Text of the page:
Lindsay Peyton | April 13, 2020
For cancer patients, staying safe during the coronavirus epidemic requires complete isolation – and that can make them feel more alone than ever.
Houston nonprofit CanCare has launched a new support line so volunteers can still reach out to patients over the phone.
President and CEO Cristina Vetrano explained that before COVID-19, CanCare volunteers were stationed in hospital waiting rooms.
“Those volunteers would sit in a radiation waiting room, just to talk to people,” she said. “We wanted to be there. The more folks we can help, the better, and people can be reluctant to ask for help – or they just don’t know about us.”
CanCare has been around for 30 years. The nonprofit trains cancer survivors as volunteers, to share their stories and become compassionate listeners.
The organization matches patients and caregivers for free one-on-one support with a volunteer – and provides a crew ready to offer support in the hospitals.
“But, now our volunteers can’t go to the hospital,” Vetrano said.
Fortunately, Vetrano, who worked for years as a director and project manager at the Red Crosss ,had been working on a plan for some time, in case a major disaster occurred.
“I wanted to be prepared,” she said. “The work we do, I didn’t want it to stop, because there was a flood.”
When coronavirus sent her CanCare team home, they continued working remotely.
“People going through cancer treatment are already isolated,” Vetrano said. “They have to be so careful. They have to self-isolate. These volunteers have been through that. They want people to stay home.”
Volunteers launched the new “CanCare Support Phone Line and Email System” in late March. Those in need of care are encouraged to call 713-364-1652 from 8 a.m. until 6 p.m. Monday through Friday, or email [email protected]. The service is scheduled to be available until April 30.
“We figured out how to do it; we tested it,” Vetrano said. “Now we want people to take advantage of the number, to talk to folks and get the support they need.”
Anyone is welcome to use the service, she added. “It’s for any cancer type, any age,” she said. “It can also be a caregiver.”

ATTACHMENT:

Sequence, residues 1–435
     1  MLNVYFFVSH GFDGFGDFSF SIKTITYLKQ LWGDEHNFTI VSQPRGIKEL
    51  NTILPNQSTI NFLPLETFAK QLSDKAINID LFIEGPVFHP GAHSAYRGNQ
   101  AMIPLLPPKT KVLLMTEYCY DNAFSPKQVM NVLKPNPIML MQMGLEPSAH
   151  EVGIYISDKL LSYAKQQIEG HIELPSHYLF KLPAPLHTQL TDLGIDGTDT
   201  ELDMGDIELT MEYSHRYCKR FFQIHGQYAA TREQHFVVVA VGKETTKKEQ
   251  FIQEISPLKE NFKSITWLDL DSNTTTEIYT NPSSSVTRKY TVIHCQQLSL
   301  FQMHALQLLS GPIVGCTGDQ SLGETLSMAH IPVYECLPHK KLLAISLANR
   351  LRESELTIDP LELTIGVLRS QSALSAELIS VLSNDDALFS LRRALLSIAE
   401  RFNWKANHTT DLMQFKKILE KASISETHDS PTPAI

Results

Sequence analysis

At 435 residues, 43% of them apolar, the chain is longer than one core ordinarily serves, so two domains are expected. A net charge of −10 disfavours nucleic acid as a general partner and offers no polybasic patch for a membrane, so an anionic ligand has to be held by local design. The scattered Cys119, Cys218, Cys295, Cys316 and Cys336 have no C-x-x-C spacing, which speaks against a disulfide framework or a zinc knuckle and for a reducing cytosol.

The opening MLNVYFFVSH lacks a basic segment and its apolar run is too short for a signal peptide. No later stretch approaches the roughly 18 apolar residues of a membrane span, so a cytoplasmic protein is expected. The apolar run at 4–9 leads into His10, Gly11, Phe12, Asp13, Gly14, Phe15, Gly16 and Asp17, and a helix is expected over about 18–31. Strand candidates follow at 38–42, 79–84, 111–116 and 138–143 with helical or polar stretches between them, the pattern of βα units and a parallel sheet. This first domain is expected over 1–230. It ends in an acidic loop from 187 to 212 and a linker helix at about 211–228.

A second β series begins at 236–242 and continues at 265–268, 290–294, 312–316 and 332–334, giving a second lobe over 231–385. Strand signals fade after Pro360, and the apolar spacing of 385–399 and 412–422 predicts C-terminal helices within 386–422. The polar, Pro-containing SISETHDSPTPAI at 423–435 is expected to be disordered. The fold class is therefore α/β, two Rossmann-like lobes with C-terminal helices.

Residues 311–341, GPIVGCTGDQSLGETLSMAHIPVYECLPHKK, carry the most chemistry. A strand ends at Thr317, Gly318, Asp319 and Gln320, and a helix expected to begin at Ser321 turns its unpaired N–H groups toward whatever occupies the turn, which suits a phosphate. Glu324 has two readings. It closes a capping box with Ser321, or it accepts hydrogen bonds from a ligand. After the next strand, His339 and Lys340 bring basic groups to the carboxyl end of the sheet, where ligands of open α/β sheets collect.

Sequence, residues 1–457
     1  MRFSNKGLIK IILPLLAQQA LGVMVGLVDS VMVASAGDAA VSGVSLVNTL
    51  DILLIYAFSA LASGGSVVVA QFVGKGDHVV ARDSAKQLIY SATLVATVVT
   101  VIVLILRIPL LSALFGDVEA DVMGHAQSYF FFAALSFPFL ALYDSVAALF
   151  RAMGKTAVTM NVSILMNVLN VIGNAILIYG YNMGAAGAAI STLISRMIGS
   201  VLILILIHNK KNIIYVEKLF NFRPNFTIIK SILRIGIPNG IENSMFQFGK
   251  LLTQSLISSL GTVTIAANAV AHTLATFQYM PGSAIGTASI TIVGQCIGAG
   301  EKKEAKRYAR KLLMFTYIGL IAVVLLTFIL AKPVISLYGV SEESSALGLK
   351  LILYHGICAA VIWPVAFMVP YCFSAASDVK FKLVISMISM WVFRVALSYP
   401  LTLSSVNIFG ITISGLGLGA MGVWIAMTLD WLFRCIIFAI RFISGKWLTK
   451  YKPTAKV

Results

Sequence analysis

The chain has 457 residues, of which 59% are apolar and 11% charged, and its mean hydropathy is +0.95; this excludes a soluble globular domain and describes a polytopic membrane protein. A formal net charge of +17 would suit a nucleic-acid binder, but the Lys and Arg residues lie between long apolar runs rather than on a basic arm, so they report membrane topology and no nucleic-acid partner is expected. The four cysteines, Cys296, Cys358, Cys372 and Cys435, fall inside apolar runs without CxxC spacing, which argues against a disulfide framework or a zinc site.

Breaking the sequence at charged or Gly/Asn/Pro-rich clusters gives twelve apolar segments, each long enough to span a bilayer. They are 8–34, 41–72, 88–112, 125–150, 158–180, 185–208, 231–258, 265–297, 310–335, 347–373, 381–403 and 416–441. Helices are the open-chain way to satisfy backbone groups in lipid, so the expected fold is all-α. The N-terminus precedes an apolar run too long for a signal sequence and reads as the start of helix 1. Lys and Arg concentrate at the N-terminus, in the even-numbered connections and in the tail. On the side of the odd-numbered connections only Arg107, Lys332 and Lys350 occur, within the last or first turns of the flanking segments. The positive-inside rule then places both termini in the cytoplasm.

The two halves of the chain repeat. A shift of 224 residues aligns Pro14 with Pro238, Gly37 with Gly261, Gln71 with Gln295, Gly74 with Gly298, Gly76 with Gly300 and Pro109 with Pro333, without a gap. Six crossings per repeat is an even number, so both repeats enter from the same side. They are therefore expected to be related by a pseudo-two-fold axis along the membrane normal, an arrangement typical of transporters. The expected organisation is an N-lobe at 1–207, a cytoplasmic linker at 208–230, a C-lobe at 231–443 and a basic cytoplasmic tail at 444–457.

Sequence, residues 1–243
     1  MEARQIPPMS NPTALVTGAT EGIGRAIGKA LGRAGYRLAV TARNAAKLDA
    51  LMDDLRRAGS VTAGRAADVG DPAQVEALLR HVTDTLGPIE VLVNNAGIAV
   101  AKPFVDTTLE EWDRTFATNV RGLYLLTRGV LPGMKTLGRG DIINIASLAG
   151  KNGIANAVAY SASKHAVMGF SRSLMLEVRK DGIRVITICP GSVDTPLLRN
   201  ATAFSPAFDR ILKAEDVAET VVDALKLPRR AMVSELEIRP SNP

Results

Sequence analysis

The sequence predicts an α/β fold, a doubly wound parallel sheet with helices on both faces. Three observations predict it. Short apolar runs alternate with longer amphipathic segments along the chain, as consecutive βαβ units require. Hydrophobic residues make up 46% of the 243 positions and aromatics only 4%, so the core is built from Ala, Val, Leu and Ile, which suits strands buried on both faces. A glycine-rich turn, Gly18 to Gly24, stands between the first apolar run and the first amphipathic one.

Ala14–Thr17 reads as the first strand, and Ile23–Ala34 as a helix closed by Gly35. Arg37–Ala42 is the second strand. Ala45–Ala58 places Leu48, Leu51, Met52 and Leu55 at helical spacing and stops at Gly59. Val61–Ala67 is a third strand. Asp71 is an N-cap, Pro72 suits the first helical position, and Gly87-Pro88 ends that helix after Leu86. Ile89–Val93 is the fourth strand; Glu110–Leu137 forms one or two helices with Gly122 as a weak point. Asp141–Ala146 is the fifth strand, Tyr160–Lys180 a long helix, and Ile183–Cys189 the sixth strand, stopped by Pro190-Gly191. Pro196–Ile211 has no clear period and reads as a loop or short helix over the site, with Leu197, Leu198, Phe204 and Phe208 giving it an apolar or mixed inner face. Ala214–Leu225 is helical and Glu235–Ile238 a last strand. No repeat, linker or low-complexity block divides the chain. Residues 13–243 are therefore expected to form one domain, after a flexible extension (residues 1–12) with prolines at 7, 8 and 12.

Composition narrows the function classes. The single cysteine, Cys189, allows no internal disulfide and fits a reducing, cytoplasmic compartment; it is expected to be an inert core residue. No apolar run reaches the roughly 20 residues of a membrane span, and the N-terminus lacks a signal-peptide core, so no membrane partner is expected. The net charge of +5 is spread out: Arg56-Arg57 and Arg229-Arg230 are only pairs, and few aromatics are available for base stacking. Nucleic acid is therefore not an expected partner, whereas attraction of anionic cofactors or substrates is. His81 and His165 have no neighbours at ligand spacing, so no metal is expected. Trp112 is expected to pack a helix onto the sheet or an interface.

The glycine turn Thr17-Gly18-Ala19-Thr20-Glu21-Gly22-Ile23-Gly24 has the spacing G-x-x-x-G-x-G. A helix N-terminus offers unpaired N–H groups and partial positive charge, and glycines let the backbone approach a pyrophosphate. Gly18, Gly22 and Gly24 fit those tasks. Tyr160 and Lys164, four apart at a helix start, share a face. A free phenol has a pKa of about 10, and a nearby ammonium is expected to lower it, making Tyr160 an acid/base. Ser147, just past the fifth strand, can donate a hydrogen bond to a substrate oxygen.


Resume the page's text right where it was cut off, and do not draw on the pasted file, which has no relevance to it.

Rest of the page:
She estimates that the volunteer force represents 75 different cancer types. “We don’t provide medical advice, but they can absolutely talk about how they felt,” she said.
Volunteers can also tell them what worked for them.
“In August 2016, my wife was diagnosed with breast cancer,” volunteer Lloyd Rachal said. “It was stage 2, metastatic. At the time our two boys were in fifth grade and third grade. It was a life-changer.”
Rachal did not know what to say to support his wife, Jennifer. “As the husband, I had no idea how to make it all right, what to say, what to do,” he said. “I could say something, but I had no idea what it was like. My words were going nowhere.”
Then, the couple met CanCare volunteer Ruth Davies in the waiting room. “She had survived breast cancer not once, but twice,” said Rachal, who lives in Cypress. “As soon as she started talking to Jennifer, there was an immediate change.”
A few months later they connected with a CanCare volunteer who also lived in Cypress who could talk about how she raised her children while undergoing treatment.
“CanCare was there when we needed them,” Rachal said. “Now, we want to be there for them. Jennifer and I are both trained volunteers. Jennifer has been able to support other women.”
Rachal has also helped husbands through their wives’ treatments. He said that CanCare’s tagline “a survivor by your side” is a perfect description of the service.
“It’s support from people who know what you’re going through, a family on your type of journey, and everybody’s journey or story is different,” Rachal said. “Having a conversation or text with someone who been through something similar – but who is now on the other side, that perspective is completely different.”
Tapping into that unique insight is exactly what CanCare is all about, Vetrano said.
*Update- support phone line and email will be active for the foreseeable future.
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